Trace Adkins, “Swing”
The strikes are called after you swing, not before them. Stupid songwriters.
ntry radio these days. While there is a ton of great country music out there, the play lists for mainstream country stations seem to be very inflexible and limited to a frustratingly low number of artists/songs. Furthermore, what country radio embraces these days is not well-aligned with my music tastes. Consequently, I keep up with country music through satellite radio, copious research and suggestions by other bloggers whose music tastes I trust.
Judging by the volume of music I’ve acquired in the past 4 years since I’ve stopped regularly listening to mainstream country radio, I’ve been doing a more than satisfactory job of keeping up. Even more importantly, I’ve been able to maintain my love of country music, which surely would have fizzled out if I had continued on the mainstream country radio track.
C.M. Wilcox, proprietor of Country California (who incidentally is one of my most trusted bloggers that has turned me onto an inordinate amount of music), has inspired me to borrow tonight’s discussion topic from his live blogging of 30 minutes of country radio. I decided to check into one of my own local country radio stations for a half hour to hear what was happening there.
At 6:20 P.M., on Tuesday night, I turned my alarm clock radio (my only way to listen to the radio without sitting in the car) to a local country station, q106.5, where it seemed that a local disc jockey was at the helm. Here is what I heard during my half hour of radio:
Billy Currington, “Must Be Doing Something Right”
Brooks & Dunn/Reba McEntire, “Cowgirls Don’t Cry”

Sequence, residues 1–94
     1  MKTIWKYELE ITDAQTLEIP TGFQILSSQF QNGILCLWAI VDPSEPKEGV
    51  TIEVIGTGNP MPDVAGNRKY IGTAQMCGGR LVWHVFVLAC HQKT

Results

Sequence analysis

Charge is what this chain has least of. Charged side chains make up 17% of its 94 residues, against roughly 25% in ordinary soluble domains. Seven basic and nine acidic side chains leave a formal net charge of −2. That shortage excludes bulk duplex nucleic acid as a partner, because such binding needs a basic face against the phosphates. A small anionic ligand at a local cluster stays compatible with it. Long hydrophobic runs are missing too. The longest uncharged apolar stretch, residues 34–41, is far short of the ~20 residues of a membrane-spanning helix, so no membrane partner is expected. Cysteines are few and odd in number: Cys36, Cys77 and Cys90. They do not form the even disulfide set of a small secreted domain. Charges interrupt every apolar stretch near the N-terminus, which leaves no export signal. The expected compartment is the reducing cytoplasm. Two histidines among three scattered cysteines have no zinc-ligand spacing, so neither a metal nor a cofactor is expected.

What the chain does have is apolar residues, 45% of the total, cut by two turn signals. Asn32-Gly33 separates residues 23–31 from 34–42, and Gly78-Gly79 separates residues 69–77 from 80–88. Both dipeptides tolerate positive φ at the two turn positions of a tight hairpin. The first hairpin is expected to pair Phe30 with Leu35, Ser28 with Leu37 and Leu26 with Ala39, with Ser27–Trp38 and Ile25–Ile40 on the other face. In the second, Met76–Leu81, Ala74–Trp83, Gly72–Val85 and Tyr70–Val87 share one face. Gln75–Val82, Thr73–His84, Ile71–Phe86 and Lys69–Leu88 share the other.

Neal McCoy, “Wink”
Kenny Chesney, “Don’t Blink”
Keith Urban, “Sweet Thing”
Craig Morgan, “That’s What I Love About Sunday”
While it certainly could have been worse, I have to say that it was a rather uninspiring half hour of radio. I think I’ll stick to my current regimen of music discovery for now.
So, since C.M. Wilcox and I have done it. I would like all of you to do the same. Turn on your radio for thirty minutes and come back here and report what you’ve heard. We can commiserate. It’ll be fun.
Country music’s modern golden age was the nineties. The artistry was compelling, while the sales numbers were staggering. There was so much great music from so many artists, both old and new, that it’s easy to forget the undercurrent of mediocrity that lurked below this sea of excellence.
The Very Best of Neal McCoy is a reminder. While even stalwarts like Alan Jackson, Vince Gill and Patty Loveless were guilty of the occasional radio filler, McCoy’s entire catalog was just that: radio filler. While a twenty-track hits collection is generous by any measure, the songs here are so generically constructed and paint-by-number produced that they blend into each other. As pleasant elevator music, “For a Change” and “That Woman of Mine” get the job done, but they’re certainly not interesting enough to hold your attention for very long.
Indeed, on those rare moments that this collection demands your attention, it’s usually because something genuinely awful has occurred. “The Shake” is as painful to listen to now as it was when it was a hit, and both “Rednecktified” and “Billy’s Got His Beer Goggles On” are wince-inducingly terrible.
The irony is that Neal McCoy is one of the era’s finest live performers, with a stage show as electrifying as his recorded music is lackluster. For those looking to cherry-pick, there are a couple of moments here that hint at McCoy’s talents, like the still-charming “Wink” and the forlorn “If I Was a Drinkin’ Man.” But aside from those tracks and the campy “Now I Pray For Rain”, there’s little here to recommend.
The challenge of releasing a song that connects to one specific demographic is that it must possess something that is strong enough to redeem it so that people outside of the chosen demographic can embrace it as well.Unfortunately for Neal McCoy, this new song that will be included on his upcoming Greatest Hits collection does not rise to the challenge.Instead, it simply sounds like another oft sung about version of the same old “I’m proud to be a redneck” anthem.
In this mid-tempo song, McCoy lists off all the reasons that he is “rednecktified” and proud of it.There are a few amusing lines, but the lyrics and the bland production does not successfully set the song apart from other such anthems.